Vero Announces New $8.5 Million Series A Investment, Continues to Drive Growth Across the Wholesale Financing Market

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The Business Case for Wholesale Financing: Seizing Opportunities and Driving Growth

Wholesale financing, also referred to as floor plan financing, presents a robust business case for community banks looking to enhance their product offerings. This type of financing is not just a lucrative avenue for revenue generation, but it also presents a compelling opportunity for banks to diversify their loan portfolios, particularly away from concentrations in commercial real estate.

Complement Existing Business Lines

Wholesale financing can complement a bank’s existing equipment financing or indirect consumer lending businesses by providing an additional revenue stream. Dealers require the means to purchase large inventories, creating a symbiotic relationship where both parties can benefit. As dealers sell their inventory, payments made to the bank help reduce the outstanding floor plan loan balance.

Attract New Relationships

The introduction of a wholesale financing offering attracts new relationships with dealers of manufactured goods. This isn’t limited to the lending alone, it includes additional opportunities like deposit accounts, and new opportunities for equipment or indirect consumer financing. Furthermore, it extends to financial dealings with the dealer principals themselves, presenting an opportunity for banks to offer a suite of consumer banking services.

Earn Incremental Yield

Compared to traditional commercial and industrial (C&I) lending, wholesale financing can earn banks an incremental yield. Given the short-term nature of these loans and the interest rates associated, banks can expect higher returns from wholesale financing compared to other C&I lending types.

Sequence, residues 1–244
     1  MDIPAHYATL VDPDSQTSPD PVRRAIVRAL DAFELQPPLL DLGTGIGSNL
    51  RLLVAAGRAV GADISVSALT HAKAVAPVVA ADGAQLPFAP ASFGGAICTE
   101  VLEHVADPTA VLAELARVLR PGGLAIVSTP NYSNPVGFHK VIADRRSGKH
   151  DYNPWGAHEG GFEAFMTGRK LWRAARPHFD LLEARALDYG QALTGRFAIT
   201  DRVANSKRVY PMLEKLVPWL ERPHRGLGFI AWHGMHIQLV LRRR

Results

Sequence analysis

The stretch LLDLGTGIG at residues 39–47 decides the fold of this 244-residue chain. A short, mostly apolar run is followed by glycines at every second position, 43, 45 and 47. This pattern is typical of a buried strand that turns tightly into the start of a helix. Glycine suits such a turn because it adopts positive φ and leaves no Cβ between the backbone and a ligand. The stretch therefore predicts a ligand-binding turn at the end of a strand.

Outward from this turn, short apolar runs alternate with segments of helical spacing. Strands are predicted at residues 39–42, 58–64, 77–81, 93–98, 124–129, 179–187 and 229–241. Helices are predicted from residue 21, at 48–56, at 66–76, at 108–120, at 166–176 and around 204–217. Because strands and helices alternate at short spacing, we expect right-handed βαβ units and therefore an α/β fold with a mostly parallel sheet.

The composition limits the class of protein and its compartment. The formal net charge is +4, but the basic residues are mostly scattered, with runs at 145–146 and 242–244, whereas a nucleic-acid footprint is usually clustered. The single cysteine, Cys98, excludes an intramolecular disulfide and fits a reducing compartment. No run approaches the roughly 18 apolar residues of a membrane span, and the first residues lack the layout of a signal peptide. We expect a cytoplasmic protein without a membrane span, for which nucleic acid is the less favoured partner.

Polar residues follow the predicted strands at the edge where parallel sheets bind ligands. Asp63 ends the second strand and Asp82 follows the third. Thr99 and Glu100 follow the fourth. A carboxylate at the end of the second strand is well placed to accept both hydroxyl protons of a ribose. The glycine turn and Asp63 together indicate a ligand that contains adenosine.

Diversify Commercial Loan Portfolio

Wholesale financing offers an opportunity for banks to diversify their commercial loan portfolio, thereby reducing their risk exposure. With a diversified loan portfolio, the impact of a downturn in any particular sector is mitigated, creating a more balanced and resilient portfolio.   When considering the investment into a new product offering such as wholesale financing, it’s crucial to undertake a thorough financial analysis to determine the potential return on investment (ROI). The ROI should consider:  
  • Initial Investment: The upfront costs of building or acquiring the necessary infrastructure, technology, and talent.
  • Operational Costs: Ongoing expenses associated with managing the wholesale financing offering, including costs related to risk management, loan servicing, and staff training.
  • Projected Revenue: Estimated income from interest and fees, taking into account the expected loan volume and pricing.
  • Risk Adjustment: The potential for loan losses, regulatory penalties, and other risks associated with wholesale financing.
A high ROI would indicate that the expected income would sufficiently cover the costs and risks associated with the new product offering, thus making the investment worthwhile.


In conclusion, the business case for introducing wholesale financing is compelling. It provides an avenue for community banks to diversify their portfolios, attract new relationships, and earn incremental yield. However, the decision should be underpinned by a careful and comprehensive financial analysis to ensure that the benefits outweigh the associated costs and risks.

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